DH9116 Swashplate Level and Link Adjust - RC Groups
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Feb 01, 2012, 05:56 AM
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DH9116 Swashplate Level and Link Adjust

DH9116 Swashplate to Servo Arm Adjustable Linkage - Original Factory Lengths

Factory lengths for both servo linkages. To increase in length, turn clockwise (left). To decrease in length, turn anti or counter-clockwise (right).

The longest linkage with the outside (O.D) points of a digital vernier caliper should be 36mm (exactly 36.61mm), and with the inside (I.D) points of a digital vernier caliper the total overall length is 42mm (exactly 41.59mm)

The shortest linkage with the outside (O.D) points of a digital vernier caliper should be 26mm (exactly 26.32mm), and with the inside (I.D) points of a digital vernier caliper the total overall length is 32mm (exactly 31.21mm).

These lengths are base line measurements only. With these lengths, the heli should hover or take off with a drift backwards and to the slightly to the right.

Proceed to the next section, to mechanically fine adjust the servo arm linkages to get a perfect hands-free hover.


DH9116 Initial Basic Swashplate Levelling Procedure & Mechanical Trimming / Adjustment of the Servo Arm Linkages

Remove the canopy and find the plugs to the tail motor and main motor on the pcb and pull them out (making note of where they go), therefore disconnecting both the motors from the heli's battery power source. Connect the battery to the heli, turn on your tx and switch on / power up the heli and allow the heli to bind or sync with the tx, the servo's should flutter when it is bound. Centre all the trims on the sticks on the TX and center all the sticks.

Place the heli on a level surface and in a position, so you can see it comfortably, you are going to be doing this for 20 minutes or so. Make sure all the blades are in their shortest throw positions and the balance bar is level (a small line level fixed to the balance bar is perfect for achieving this). Look at the swashplate and ascertain if the top plate of the swash is at right angles or perpendicular to the main shaft. I find putting a long thin knitting needle or a bamboo "satay" skewer stick on the top plate exaggerates the angle and makes it more obvious. I have also found if you draw a thick horizontal and vertical line in the shape of a cross ("+") on an "A4" sheet of paper, then temporaily position it on a wall (making sure it is perfectly horizontally and vertically level before you fix it) directly behind the heli it can be used as reference marks for maintaining the alignment of the main shaft and the swashplate leveling "stick". Download and printout the "Swashplate Leveling Grid" pdf file, if you wish.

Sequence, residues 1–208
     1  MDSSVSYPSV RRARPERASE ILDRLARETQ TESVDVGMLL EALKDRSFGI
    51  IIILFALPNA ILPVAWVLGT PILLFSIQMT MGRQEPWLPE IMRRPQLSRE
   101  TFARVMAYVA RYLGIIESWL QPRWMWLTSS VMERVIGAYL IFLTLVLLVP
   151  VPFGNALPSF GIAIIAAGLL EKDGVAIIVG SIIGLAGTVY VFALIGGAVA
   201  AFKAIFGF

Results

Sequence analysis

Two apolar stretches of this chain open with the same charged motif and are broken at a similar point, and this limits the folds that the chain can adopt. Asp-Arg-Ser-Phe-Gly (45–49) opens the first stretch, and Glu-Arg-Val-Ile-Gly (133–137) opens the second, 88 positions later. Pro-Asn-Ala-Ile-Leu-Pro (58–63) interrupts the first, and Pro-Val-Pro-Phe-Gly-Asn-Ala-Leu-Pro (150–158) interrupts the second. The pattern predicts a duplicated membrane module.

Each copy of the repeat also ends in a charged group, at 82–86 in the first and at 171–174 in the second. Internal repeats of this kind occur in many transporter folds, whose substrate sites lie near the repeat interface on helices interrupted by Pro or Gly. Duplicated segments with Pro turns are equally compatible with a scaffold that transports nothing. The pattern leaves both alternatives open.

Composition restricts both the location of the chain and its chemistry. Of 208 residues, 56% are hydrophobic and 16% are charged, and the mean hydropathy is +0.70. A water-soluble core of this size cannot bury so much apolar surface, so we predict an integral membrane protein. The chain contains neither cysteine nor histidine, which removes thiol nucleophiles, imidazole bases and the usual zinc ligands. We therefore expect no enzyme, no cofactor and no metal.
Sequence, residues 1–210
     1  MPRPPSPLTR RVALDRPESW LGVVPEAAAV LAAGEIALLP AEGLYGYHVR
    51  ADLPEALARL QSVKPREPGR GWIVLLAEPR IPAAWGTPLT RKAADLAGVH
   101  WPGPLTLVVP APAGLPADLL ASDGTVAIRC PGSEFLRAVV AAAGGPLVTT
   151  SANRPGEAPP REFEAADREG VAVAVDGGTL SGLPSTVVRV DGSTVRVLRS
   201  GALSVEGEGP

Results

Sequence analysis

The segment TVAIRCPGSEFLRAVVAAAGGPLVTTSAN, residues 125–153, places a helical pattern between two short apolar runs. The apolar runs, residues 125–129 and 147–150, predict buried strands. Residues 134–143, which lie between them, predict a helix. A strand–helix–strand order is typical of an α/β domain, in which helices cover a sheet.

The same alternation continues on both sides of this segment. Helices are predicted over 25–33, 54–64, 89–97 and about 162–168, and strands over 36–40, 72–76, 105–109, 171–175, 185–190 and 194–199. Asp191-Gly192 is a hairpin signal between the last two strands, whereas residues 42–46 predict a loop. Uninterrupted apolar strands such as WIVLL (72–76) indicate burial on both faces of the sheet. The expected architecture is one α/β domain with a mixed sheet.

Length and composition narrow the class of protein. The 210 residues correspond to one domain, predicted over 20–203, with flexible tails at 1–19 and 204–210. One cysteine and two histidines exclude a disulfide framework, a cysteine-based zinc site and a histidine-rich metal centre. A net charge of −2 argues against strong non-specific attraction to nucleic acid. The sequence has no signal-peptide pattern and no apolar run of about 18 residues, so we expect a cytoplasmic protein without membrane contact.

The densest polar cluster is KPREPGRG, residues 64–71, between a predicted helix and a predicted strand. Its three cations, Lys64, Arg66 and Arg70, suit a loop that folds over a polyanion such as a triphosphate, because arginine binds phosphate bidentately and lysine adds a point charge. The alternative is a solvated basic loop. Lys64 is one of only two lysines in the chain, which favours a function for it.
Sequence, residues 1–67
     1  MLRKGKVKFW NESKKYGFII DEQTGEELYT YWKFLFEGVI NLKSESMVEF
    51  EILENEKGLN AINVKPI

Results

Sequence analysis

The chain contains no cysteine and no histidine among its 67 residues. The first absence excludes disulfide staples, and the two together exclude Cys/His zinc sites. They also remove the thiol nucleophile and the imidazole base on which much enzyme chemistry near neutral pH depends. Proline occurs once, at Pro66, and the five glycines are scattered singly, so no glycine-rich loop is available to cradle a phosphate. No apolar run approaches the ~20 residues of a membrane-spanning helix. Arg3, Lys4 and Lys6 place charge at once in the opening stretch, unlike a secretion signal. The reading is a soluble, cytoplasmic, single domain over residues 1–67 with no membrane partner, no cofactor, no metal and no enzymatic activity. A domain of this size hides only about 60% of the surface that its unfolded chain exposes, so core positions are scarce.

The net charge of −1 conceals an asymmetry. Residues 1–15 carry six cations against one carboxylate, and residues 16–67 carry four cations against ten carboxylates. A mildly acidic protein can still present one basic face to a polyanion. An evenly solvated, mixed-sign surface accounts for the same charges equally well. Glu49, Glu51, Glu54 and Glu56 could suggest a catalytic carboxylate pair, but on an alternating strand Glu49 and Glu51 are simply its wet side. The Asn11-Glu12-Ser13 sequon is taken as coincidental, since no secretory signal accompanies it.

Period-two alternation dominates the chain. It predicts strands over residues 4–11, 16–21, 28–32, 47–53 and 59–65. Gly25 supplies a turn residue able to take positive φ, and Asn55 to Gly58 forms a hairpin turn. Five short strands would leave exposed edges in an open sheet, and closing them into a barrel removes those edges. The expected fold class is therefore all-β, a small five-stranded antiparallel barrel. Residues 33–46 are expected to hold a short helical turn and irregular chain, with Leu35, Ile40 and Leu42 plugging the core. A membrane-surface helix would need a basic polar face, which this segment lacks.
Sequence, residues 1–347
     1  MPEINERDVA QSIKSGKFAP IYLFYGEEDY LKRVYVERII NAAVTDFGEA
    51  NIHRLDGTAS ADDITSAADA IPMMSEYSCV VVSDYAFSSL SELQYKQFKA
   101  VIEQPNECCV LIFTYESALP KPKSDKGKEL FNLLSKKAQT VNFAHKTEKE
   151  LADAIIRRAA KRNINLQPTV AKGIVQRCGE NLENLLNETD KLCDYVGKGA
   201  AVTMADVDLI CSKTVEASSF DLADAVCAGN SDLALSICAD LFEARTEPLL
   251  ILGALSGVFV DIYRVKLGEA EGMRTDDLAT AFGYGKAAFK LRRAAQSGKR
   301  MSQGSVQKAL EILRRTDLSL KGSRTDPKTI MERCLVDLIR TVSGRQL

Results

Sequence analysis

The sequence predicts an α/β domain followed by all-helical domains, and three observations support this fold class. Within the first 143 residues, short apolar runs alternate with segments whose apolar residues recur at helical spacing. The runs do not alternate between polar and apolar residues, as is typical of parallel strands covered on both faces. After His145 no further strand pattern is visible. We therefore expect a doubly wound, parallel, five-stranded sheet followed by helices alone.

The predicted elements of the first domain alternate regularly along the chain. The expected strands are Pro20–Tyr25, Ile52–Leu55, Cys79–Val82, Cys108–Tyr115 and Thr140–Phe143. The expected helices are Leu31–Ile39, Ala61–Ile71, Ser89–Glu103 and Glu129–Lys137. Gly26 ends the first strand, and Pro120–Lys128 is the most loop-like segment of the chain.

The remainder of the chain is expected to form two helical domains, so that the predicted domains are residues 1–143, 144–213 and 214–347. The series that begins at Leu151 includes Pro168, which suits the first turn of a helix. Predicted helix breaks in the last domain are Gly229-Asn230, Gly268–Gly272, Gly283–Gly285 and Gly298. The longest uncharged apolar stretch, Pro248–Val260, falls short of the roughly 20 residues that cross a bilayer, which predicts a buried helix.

Adjust both servo arm linkages until the swashplate is level along the length of the helicopter, re-attach the linkages to the swashplate, and re-connect the tail and main motors and re-attach the canopy (re-attaching the canopy is important, because the weight of the canopy will affect the balance of the heli and if it isn't on, hovering without it will give a false drift backward).

Test fly / hover the helicopter. This must be done on a perfectly calm day or indoors well away from walls, etc, like a large shed or gym. Any slight breezes will influence or over-exaggerate any fine mechanical adjustments you make, and you will be "chasing your own tail" trying to get it perfect.

At this stage, we want to focus on the forward / backward drift, so focus on getting that as close to perfect as possible, DO NOT WORRY ABOUT ANY SIDE DRIFT. You should have an ever so slight forward bias as it takes off, not unlike a forward drift. If not, adjust both linkages one half turn at a time until you do (test fly / hover after each adjustment). If you find after each successive adjustment, there is in a middle point between forward and backwards and you just can't get it right, adjust it for a slight forward bias and then use the trims on the sticks to get it hovering perfectly and balanced against forward / backward drift.

When you have it trimmed to compensate for forward and backward drift, make a note of any side drift and what direction you move the aileron stick to correct that drift while it is hovering. If it is drifting to the left, the right (aileron) servo arm linkage is too high, if it is drifting to the right, the right (aileron) servo arm linkage is too low. There may be only one full or half turns to the link to bring it back, if the drift is severe, maybe it needs more turns, adjust the link one half turn at a time and test hover after each adjustment until the drift eliminated, if you find you can't get it perfect, fine tune it again with the tx stick trims, as required.
Last edited by stormforce; Feb 02, 2012 at 05:51 AM.
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